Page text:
I have spent time in the last couple of weeks reading, listening and learning in preparation for returning to the village of Pasquette, Haiti in June. I have been studying about micro-finance, sustainable development, tropical agriculture and Fair Trade certification. I have also been learning about Haitian history and about issues relating specifically to women in the Third World. Because I have a relationship with the women of Pasquette, the problems facing the women of Haiti are not abstract and academic. The problems are real and painful.
Even while I am grieving the hardship and often desperate conditions experienced by my Haitian sisters and their families, I am surrounded by more than enough. I’ve been cleaning out my kitchen cupboards and getting rid of things I no longer use or need. I wonder if I wasn’t just as good a cook and just as happy when as a newlywed I had two pots and one mixing bowl. I think of all the money I have spent accumulating tools I use once or twice a year. I am feeling more overwhelmed by deciding what to keep, what to throw and what to give away. My kitchen is bigger than most Haitian homes and still it doesn’t seem to have enough space.
My reading includes the current political debate about how we fund and administer our country’s programs to help the poor. Even though the level of poverty in Haiti is far greater than in this country, we also have a substantial part of our population who live in desperate situations. Living on less than two dollars a day may be even harder here where costs for rent, food and other necessities are much higher. According to the US Census Bureau, more than 1.4 million Americans live in households which meet that definition of extreme poverty.
Poverty in Haiti is complex and has many causes. A long history of colonization, exploitation, and political corruption combined with natural disasters and the greed of many contribute to the desperation of many. Just so, poverty in this country is just as complex. Yet it seems that many would blame the poor for their poverty. They make bad decisions. They spend their money on things they shouldn’t like drugs, alcohol, cigarettes, lottery tickets, hair dye, tattoos, expensive shoes. They drop out of school. They don’t want to work. Poor women have too many babies without fathers just to get more welfare payments. Everyone knows someone who milks the system.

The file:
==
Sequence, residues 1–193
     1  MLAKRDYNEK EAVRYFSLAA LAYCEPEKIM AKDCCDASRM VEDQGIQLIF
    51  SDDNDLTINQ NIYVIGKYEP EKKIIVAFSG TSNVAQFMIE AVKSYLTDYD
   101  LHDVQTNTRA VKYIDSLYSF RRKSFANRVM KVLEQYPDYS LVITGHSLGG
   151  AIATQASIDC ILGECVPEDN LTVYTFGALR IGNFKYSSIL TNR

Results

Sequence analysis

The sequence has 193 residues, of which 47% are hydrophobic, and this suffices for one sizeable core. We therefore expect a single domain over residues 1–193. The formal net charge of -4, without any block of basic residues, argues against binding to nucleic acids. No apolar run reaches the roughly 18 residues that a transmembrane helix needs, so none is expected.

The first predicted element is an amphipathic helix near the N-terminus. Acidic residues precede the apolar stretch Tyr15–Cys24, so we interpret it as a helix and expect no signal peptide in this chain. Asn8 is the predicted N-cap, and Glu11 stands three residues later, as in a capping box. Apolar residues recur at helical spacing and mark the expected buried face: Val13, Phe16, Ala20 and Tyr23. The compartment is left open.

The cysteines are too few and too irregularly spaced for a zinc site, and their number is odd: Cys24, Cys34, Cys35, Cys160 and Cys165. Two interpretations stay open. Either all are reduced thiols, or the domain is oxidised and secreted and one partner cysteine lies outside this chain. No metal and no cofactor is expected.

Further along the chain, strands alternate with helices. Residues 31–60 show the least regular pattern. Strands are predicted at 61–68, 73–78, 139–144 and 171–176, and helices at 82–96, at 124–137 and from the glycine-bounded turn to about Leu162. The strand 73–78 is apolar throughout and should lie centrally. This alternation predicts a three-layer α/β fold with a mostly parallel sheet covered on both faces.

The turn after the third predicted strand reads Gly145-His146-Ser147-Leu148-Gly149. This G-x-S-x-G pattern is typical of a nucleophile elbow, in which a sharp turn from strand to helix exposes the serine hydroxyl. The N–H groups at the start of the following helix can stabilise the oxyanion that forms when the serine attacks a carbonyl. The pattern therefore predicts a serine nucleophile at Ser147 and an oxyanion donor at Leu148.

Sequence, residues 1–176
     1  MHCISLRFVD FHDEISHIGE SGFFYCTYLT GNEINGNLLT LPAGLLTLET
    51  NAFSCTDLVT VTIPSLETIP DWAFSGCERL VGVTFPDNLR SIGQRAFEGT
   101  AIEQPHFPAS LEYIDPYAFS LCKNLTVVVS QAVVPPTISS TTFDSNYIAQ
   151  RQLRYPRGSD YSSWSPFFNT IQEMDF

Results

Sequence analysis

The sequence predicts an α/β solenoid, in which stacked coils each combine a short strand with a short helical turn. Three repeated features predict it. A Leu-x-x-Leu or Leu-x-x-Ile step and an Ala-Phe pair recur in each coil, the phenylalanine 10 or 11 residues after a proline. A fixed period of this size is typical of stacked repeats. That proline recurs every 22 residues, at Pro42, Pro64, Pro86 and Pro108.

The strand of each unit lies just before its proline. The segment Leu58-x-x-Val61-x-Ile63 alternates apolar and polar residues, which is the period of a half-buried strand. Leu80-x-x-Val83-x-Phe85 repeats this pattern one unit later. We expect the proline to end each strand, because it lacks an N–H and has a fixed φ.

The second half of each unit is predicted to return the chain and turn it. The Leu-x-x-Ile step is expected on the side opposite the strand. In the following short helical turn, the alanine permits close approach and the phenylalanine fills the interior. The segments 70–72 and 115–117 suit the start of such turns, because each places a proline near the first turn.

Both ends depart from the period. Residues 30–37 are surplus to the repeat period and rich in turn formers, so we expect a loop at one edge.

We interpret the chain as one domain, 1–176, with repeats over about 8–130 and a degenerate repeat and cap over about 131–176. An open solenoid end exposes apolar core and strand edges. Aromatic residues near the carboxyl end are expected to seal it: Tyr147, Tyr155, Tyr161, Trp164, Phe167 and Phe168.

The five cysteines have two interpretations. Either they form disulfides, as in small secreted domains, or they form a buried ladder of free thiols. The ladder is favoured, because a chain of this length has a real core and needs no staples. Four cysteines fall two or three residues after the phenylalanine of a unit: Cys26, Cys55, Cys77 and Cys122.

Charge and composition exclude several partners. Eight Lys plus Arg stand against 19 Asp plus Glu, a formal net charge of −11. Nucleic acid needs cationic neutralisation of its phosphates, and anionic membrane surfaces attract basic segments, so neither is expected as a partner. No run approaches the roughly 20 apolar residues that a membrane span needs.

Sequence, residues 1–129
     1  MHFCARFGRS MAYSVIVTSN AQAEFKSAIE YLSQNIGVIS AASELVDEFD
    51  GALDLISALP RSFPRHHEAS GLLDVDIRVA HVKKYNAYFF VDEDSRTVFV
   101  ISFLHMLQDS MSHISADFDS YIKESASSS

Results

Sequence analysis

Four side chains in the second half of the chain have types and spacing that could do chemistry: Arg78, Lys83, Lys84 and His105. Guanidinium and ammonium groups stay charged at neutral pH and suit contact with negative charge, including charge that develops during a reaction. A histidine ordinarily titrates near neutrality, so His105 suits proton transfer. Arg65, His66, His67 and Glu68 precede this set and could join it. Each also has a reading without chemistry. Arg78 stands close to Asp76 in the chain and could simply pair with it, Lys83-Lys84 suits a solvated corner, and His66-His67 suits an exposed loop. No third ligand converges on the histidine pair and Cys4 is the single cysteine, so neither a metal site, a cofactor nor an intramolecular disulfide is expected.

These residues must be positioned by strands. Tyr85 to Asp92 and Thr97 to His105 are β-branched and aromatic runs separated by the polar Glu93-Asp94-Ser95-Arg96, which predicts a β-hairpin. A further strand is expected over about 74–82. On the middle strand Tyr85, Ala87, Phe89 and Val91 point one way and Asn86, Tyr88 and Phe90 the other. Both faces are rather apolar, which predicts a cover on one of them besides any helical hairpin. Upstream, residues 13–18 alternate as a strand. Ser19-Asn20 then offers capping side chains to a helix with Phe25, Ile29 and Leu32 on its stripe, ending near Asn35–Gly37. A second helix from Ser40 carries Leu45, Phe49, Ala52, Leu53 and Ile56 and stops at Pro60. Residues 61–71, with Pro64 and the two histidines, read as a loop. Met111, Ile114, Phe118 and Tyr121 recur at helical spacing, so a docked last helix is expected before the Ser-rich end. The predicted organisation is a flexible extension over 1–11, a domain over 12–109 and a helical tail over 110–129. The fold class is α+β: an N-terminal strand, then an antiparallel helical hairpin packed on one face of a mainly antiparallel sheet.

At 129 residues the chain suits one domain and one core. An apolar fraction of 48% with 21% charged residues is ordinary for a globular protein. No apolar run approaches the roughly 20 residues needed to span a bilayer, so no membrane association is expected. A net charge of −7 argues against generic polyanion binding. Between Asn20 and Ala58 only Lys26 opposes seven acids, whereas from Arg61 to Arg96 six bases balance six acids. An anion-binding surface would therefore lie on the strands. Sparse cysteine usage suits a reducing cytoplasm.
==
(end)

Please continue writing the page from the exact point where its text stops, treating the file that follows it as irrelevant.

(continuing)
I don’t doubt the stories. Being poor doesn’t automatically make you a noble person. I’m sure those stereotypes are based on real situations. Likewise, it is not difficult to find examples of the wealthy who worked very hard to achieve success and are generous with their wealth. How many more people are poor for reasons they cannot control? How many lost their job and can’t find another, got sick or injured and can’t work, or were born to parents suffering from mental illness or addiction? How many of the one percent wealthiest citizens of this country inherited wealth, got a hand up at just the right time, made money from someone else’s work, or cheated to obtain wealth?
My religious faith only makes things more complicated. If the poor are responsible for their own lot in life, then why do the Bible’s teachings show a preference for the poor and not those who have “pulled themselves up by their own bootstraps?” Why does Jesus teach that feeding the hungry, caring for the sick and visiting the prisoner is the same as feeding, caring for and visiting him? Why is it easier for a camel to get through the eye of a needle than for a rich person to get into heaven?
Visiting a place like Haiti can make a person feel guilty for having more than one needs and, at the same time, it can make one feel greatly blessed. Blessings, however, are not earned. I did not earn the blessing of being born in the United States rather than in Haiti. I did not earn the parents who gave me life, loved me and taught me the value of an education, how to work hard and how to use the money I earned wisely. I was given a free, public education. I inherited land. I have received the help of friends and neighbors when I needed it. I didn’t do anything to deserve any of those gifts.
If I have no control over where I was born, who my parents were, the generosity of my family and friends, then how can I judge someone who had none of those blessings? What is my responsibility to others who have not been blessed in the same way? Is the disparity between the gifts I have been given and those of my sisters in Haiti the will of God? Why would a loving God will that those women and their families (all created in God’s image) live without clean water, hungry and in a tent? Why not bless them in the same way as I have been blessed? How does my way of life and the public policies which benefit me affect others? What responsibilities come with my many blessings?
My cupboards are cleaner, emptier and more orderly. If only understanding complex issues was as easily accomplished.
Copyright © 2014 Janet Jacobson and Sustaining the Northern Plains